About 60 animal health executives were in attendance for the first American Conference Institute (ACI) Forum on Animal Health and Veterinary Drugs and Therapeutics, where industry experts covered a range of topics related to challenges involved in navigating the USDA, FDA and other regulatory agencies. The two-day event, held in New York City, was so popular ACI hopes to repeat it next year, according to ACI representatives on site. (FierceAnimalHealth was a media sponsor of the event.)
In addition to reviewing the approval process for animal medicines, speakers at the forum discussed the environment for mergers and acquisitions in the industry, patent issues and regulations related to the advertising of veterinary drugs. The attendees also participated in a lively debate about fair and foul practices in drug compounding.
The second day of the event kicked off with a discussion about the development of biotech drugs for animals. David Brake, founder and principal of BioQuest Associates, a Connecticut-based consultancy, explained the sometimes confusing process by which drugs are assigned to either the FDA or USDA for approval.
Generally speaking, the USDA regulates any biologics that act via immune pathways in the body, such as vaccines, while the FDA handles everything else, Brake explained. But the advent of products that fall into the "gray area"--such as vaccines that are used to treat diseases rather than prevent them, and stem cell treatments--has left some companies scrambling to figure out which agency to approach to begin the regulatory process.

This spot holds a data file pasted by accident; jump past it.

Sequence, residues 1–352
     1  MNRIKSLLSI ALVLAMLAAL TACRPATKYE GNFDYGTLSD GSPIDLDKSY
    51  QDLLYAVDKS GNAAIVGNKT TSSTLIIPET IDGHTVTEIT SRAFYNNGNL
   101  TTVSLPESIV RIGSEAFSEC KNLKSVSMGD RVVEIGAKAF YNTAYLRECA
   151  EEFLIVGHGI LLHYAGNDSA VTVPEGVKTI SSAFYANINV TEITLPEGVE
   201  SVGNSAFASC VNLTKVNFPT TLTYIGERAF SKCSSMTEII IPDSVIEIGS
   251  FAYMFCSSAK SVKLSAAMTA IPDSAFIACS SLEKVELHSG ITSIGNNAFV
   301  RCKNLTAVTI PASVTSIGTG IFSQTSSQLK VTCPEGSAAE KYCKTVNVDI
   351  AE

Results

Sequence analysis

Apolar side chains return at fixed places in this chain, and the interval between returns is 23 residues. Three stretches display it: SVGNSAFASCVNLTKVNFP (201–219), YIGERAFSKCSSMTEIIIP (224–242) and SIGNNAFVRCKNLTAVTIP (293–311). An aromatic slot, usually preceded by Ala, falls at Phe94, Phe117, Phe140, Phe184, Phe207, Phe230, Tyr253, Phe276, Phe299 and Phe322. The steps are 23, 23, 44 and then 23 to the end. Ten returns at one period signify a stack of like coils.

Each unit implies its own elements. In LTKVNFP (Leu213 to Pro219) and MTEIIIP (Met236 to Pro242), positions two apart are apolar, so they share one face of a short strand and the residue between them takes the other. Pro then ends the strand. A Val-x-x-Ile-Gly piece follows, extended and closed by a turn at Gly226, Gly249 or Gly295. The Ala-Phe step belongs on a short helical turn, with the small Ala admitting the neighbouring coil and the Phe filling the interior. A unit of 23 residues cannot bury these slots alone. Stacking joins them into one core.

Brake predicted that the explosion of new animal drugs in the R&D pipeline would prompt further clarification of which agency has jurisdiction over which products. "This is an evolving area," Brake said.
Although seeking approval from the USDA is often easier and less expensive than the FDA route for companies, one audience member at the conference commented that public perception might favor products that are approved by the FDA. Brake advised the attendees to keep a close eye on the regulatory scene going forward. "Historically, the perception was that USDA-regulated products were not as good, but I think that's changing," he said. "I think the USDA has upped its game."
The forum featured legal and regulatory experts from several of the leading companies in animal health, including Merial, Merck ($MRK) Animal Health and Eli Lilly's ($LLY) Elanco Animal Health division.
- access the conference agenda here